The interviews themselves were conducted using "semi-structured" techniques. Semi-structured interviews are conducted in a formal environment with a set of pre-determined questions, but which allow additional or supplemental questions to arise during the conversation.

Where permission was given the interviews were recorded. On completion of the interview a transcript was produced, and the text uploaded into NVivo computer-assisted qualitative data analysis software. This enabled common themes and views to be identified and correlated. This research process was developed by Dr Robert Dewar for conducting large scale policy analysis while at the University of Glasgow.

Organisations interviewed

The project parameters required a minimum of 10 Third Sector organisations be interviewed for the project. This total was to include membership and umbrella organisations, and those entities with a direct interest or mandate for operating with front line Third Sector entities.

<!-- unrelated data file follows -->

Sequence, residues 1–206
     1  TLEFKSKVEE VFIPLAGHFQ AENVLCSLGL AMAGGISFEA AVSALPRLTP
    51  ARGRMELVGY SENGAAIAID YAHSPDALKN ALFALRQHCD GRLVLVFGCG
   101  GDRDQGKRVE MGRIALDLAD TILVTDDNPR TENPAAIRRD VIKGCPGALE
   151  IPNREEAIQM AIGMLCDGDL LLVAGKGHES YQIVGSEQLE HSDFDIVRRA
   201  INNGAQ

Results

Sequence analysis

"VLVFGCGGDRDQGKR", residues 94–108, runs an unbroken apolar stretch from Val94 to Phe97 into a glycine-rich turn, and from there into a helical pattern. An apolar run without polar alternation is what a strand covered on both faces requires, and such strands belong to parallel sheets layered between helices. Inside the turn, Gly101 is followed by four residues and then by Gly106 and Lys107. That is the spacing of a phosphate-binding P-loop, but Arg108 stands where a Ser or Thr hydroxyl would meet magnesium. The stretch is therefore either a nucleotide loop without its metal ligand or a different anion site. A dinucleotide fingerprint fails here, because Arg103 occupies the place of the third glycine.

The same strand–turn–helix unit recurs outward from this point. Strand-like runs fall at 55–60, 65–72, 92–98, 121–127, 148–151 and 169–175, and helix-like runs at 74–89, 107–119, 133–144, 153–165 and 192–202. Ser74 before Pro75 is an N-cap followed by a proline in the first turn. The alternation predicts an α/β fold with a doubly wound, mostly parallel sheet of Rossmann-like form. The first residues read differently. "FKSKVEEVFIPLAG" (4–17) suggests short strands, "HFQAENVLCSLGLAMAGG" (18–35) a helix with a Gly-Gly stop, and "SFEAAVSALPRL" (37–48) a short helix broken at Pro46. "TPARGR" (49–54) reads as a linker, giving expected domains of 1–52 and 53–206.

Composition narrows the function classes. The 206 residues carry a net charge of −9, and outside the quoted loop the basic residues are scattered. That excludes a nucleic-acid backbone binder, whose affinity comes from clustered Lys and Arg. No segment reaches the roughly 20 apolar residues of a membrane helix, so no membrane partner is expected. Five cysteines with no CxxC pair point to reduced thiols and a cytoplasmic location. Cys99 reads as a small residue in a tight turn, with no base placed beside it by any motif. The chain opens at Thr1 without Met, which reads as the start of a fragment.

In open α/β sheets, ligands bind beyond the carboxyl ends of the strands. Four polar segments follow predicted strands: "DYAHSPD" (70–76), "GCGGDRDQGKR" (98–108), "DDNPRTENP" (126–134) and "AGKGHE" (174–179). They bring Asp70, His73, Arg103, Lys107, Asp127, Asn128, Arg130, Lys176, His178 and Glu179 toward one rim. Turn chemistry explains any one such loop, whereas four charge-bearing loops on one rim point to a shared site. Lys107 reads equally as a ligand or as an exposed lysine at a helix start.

On completion of the fieldwork component of the project, a total of twelve organisations were successfully interviewed. These were:

  • Scottish Federation of Housing Associations (SFHA)
  • Scottish Social Services Council (SSSC)
  • Association of Chief Officers of Scottish Voluntary Organisations (ACOSVO)
  • Lead Scotland
  • The UK National Cyber Security Centre (NCSC)
  • Scottish Council for Voluntary Organisations (SCVO)
  • Office of the Scottish Charities Regulator (OSCR)
  • Glasgow Council for the Voluntary Sector (GCVS)
  • Turning Point
  • Coalition of Care and Support Providers in Scotland (CCPS)
  • Aberlour Children's Charity
  • Sight Scotland

Interview subjects were drawn from C-suite decision makers and directors of IT or operations, indicating a high level of interest and engagement with the project, the seriousness with which cyber security is taken in the Third Sector and the level of engagement and decision making at the entities surveyed.